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Growth of Office-Based PAD Treatments Trigger Concerns

Repeat procedures, lack of outcome data bring spotlight

Blood cells moving through a vein

The rapid growth of office-based laboratories (OBLs) created to treat peripheral artery disease (PAD) during the past decade has triggered increasing scrutiny focusing attention on limited outcome data and unnecessary repeat revascularizations.
A New York Times article published in July highlighted health risks associated with OBLs, including a spike in use of atherectomy devices, repeat procedures, and unnecessary amputations in some cases. The Times article reported that more than 80,000 atherectomies were billed to Medicare in 2021 for OBL procedures—an increase of 60,000 since 2011, when regulations first allowed outpatient atherectomies. 

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In June, ProPublica, a nonprofit newsroom, published an article highlighting concerns about unnecessary PAD treatments, many of which introduced new risks to patients. Duke interventional cardiologist and PAD specialist William Schuyler Jones, MD, contributed to the ProPublica research.
Concerns about OBL outcomes and oversight for PAD procedures are familiar topics to Schuyler and many Duke cardiologists. A group of Duke Health cardiologists were among the first clinicians from a major medical center to voice warnings about potential risks associated with the accelerated expansion of OBLs in a 2015 study published by the Journal of the American College of Cardiology.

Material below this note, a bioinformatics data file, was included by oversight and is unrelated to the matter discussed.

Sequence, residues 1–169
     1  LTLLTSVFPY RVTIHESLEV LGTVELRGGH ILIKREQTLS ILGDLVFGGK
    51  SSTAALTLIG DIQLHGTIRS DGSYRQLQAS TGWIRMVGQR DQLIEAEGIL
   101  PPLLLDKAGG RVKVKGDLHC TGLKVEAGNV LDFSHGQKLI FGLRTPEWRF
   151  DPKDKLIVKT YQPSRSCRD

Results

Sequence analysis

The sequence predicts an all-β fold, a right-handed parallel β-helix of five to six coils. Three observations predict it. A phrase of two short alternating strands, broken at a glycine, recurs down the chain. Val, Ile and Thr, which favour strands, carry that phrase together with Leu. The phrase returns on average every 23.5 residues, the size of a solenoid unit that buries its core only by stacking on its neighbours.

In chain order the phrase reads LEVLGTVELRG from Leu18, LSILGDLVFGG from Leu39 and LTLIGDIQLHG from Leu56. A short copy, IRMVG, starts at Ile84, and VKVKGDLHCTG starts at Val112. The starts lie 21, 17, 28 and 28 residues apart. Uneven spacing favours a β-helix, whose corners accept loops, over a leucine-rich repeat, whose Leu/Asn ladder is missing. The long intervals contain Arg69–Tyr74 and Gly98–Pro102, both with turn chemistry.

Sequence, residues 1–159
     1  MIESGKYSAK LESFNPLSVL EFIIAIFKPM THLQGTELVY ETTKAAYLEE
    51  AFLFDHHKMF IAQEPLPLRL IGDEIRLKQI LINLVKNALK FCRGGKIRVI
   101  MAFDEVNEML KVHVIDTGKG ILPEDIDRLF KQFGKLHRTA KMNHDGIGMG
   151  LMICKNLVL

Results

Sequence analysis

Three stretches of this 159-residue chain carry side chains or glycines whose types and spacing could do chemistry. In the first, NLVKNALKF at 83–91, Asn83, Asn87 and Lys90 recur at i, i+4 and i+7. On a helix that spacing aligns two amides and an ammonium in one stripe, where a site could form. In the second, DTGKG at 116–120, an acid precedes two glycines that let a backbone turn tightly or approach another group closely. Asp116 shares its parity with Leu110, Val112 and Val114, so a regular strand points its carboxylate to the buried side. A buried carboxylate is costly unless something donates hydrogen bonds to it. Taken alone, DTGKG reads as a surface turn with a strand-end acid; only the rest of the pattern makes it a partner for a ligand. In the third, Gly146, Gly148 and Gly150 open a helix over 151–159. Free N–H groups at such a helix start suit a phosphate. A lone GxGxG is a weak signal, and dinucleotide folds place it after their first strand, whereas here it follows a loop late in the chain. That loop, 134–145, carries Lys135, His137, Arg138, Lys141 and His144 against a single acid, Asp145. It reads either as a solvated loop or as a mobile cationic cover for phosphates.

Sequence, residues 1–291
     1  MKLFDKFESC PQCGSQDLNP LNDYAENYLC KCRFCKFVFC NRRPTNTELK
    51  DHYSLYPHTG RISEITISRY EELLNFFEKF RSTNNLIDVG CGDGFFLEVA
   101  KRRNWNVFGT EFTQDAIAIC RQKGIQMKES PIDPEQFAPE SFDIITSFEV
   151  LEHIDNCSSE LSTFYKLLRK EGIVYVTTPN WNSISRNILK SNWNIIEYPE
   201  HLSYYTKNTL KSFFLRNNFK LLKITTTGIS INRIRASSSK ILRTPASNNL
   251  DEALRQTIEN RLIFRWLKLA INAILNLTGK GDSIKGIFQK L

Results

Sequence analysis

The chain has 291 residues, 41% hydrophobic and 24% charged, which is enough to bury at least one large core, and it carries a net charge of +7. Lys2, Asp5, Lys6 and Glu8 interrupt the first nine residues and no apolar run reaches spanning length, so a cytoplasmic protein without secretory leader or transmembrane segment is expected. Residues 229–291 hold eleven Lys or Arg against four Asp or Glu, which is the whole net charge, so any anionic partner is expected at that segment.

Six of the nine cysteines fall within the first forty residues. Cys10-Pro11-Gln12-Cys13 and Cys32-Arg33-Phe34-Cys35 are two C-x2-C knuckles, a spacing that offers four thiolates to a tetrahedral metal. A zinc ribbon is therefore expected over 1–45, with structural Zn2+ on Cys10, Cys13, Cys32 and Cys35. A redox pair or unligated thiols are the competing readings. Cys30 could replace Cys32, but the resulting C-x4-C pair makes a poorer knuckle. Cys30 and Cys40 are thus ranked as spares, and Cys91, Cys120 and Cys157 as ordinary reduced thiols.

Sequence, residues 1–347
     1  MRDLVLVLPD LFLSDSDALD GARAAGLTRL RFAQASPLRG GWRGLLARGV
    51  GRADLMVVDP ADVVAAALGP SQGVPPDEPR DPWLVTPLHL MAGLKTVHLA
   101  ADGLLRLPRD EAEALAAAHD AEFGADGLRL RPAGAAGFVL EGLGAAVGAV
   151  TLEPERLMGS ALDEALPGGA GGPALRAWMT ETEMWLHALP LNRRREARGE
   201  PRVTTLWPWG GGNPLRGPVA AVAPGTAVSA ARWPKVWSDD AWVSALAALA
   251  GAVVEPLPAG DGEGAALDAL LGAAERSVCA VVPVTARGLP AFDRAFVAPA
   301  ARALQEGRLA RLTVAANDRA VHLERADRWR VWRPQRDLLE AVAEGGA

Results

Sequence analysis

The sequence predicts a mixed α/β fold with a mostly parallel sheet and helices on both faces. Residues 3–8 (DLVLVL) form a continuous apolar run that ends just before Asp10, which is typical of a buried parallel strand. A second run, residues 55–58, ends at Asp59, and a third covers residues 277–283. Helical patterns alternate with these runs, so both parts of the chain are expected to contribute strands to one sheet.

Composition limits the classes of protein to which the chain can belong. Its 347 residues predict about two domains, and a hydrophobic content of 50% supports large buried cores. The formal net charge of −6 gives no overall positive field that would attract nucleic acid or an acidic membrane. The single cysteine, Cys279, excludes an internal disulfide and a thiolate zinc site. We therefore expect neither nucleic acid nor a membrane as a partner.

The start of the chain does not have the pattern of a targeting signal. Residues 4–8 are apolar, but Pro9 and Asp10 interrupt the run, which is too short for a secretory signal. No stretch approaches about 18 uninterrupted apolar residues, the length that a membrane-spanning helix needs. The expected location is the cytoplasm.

The Duke Heart team highlighted significant variations in the performance of peripheral vascular interventions (PVI) to treat PAD in outpatient and office-based clinics, notably the higher risk of repeat revascularizations. Jones, the lead author, says the study’s key conclusions – the need for better oversight and additional outcome studies—are continuing sources of concern.

“There have obviously been several signals about some of the practices, including concerns about volume and quality,” Jones says. “In vascular care, repeat procedures usually means there is a problem. This is especially true if the patient does not experience improvement of symptoms. We should not be performing routine procedures over and over again, as this introduces unnecessary risk for our patients.”
The increase in the use of atherectomy devices in OBLs is another concern, Jones adds, noting that outcomes as a result of routine use of these devices has not been well studied. They may introduce higher risk to patients, Jones says, compared to other routine options such as balloon angioplasty and/or stenting procedures. “When needed to treat a specific anatomic issue like severe calcification, it’s a safe option. But the reasons for its use must be examined and understood,” he says.
Both media articles cited the significant changes in PAD treatments following a 2008 policy change from the Centers for Medicare and Medicaid Services (CMS) that contributed to the creation of large numbers of OBLs. The objective of the federal change, Jones says, was to lower costs by offering out-of-hospital clinical options. But new reimbursement model resulted in a rush by PAD specialists and device companies to create more labs in offices with less clinical oversight.
“It may have proved less costly for CMS,” Jones says. “But the problem is when you start reimbursing for this sort of clinical service based only on cost, it will become ubiquitous. Unfortunately, no one’s looking, no one’s monitoring, and overuse is inevitable. You have an unintended consequence for trying to do something that makes sense.”
Although Jones emphasizes that many OBLs meet an important need and maintain clinically sound operations, some physicians in office settings perform more procedures more often, including revascularizations. He encouraged referring cardiologists to educate patients about the risks of multiple procedures for PAD and to consider hospital-based treatments when convenient for patients.